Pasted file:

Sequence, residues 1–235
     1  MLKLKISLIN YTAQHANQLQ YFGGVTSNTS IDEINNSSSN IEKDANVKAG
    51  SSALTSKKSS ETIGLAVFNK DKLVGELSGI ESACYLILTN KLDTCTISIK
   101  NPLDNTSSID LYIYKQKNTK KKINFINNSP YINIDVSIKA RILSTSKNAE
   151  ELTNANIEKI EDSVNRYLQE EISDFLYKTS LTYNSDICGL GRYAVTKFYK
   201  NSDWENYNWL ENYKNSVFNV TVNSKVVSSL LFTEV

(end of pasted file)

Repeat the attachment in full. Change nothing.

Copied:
Sequence, residues 1–235
     1  MLKLKISLIN YTAQHANQLQ YFGGVTSNTS IDEINNSSSN IEKDANVKAG
    51  SSALTSKKSS ETIGLAVFNK DKLVGELSGI ESACYLILTN KLDTCTISIK
   101  NPLDNTSSID LYIYKQKNTK KKINFINNSP YINIDVSIKA RILSTSKNAE
   151  ELTNANIEKI EDSVNRYLQE EISDFLYKTS LTYNSDICGL GRYAVTKFYK
   201  NSDWENYNWL ENYKNSVFNV TVNSKVVSSL LFTEV